December 1, 2011 | Frank Bonanno
One Christmas Eve, dinner came to stop when my three year old niece walked out of the kitchen carrying my very large very sharp carving knife. That was back before I had children of my own and knew any better—back when you could travel cross country with potentially deadly cooking tools in a carry on. Emma’s nineteen years old now, and setting up a kitchen of her own. I am, of course, giving her a knife for Christmas, which got me to thinking about all the tools that should be in her very first kitchen. I listed the usual suspects—spoons and forks, a frying pan and a stock pot—but I was thinking how much money and time might have been saved over the years if my drawers and cupboards started from the outset with the go-to’s that line them now.
This is a timely blog, I might add, in case you’re gifting to your own kitchen stocker.
This first section is the Must Haves, because someone in our family uses them every day:
We have four sharp pairing knives in our kitchen drawer, because often the entire family is using one simultaneously. I prefer the Japanese knives, because you only have to sharpen one side (an easier, safer bet for most home cooks). The Shun knife from Williams Sonoma usually goes on sale in December for around $60.
Good chef’s knife—6 to 8” long—probably Japanese too. I purchased a Global for Emma, nice and light with a sturdy blade at $89.
Flat top griddle for toasting bread in bulk with the butter already smeared across it, grilling more than one cheese sandwich at a time, and of course, making pancakes—who wants to cook two pancakes at a time?? The Lodge cast iron version flips over to grill fish and chicken, and runs about $75.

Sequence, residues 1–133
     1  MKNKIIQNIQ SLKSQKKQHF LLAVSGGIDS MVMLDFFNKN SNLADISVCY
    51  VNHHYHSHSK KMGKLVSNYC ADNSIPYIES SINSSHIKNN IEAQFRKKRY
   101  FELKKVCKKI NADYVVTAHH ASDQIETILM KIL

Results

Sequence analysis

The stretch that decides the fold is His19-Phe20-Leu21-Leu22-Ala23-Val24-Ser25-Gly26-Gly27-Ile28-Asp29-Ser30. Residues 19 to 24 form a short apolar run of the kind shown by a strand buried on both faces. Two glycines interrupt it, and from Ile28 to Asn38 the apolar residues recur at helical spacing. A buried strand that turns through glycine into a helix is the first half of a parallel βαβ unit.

Norpro stainless steel egg poacher—if you like eggs Benedict or a nice runny egg yolk sandwich, an egg poacher simplifies the morning. Plus, the poaching inserts come out to handily provide a small sauce pot for daily use. (One problem with the Norpro, though—the handle of the pot is uninsulated and gets wicked hot, so do the egg inserts—so have an oven mitt handy)
A cast iron skillet won’t break the bank; heats quickly and uniformly; is easily seasoned to out-perform Caphalon, and lasts a lifetime. Ours sits on the stove at all times—I imagine it to be a solid weapon, too, in case an intruder comes through the kitchen window.
If you have an iron skillet, it’s well worth the extra nine bucks to own a 7” square end metal turner—you know, a hamburger flipper, grilled cheese turner, pancake tool. The bendy plastic spatulas are useless in my book (but then, I rarely cook on engineered non-stick surfaces).
Speaking of spatulas (which a metal turner is not), opt out of the traditional rectangular rubber spat to go instead for a spoonula—it gets out the last of the cookie dough, stirs the oatmeal and soups, scrambes eggs. . . Anything the big spoon or spatula can do, a spoonula does better and cleaner. Look for all-silicone (including the handles). Ours is Silvermark, which sells for around $15.
I prefer a sieve over a colander—fine metal mesh strainers are perfect for just a little bit of pasta, or to strain and blanch vegetables—you can even pass potatoes through for a fine mash or puree. Can’t recommend a brand here, but make sure the handle’s long enough to stretch across the sink and balance over the drain.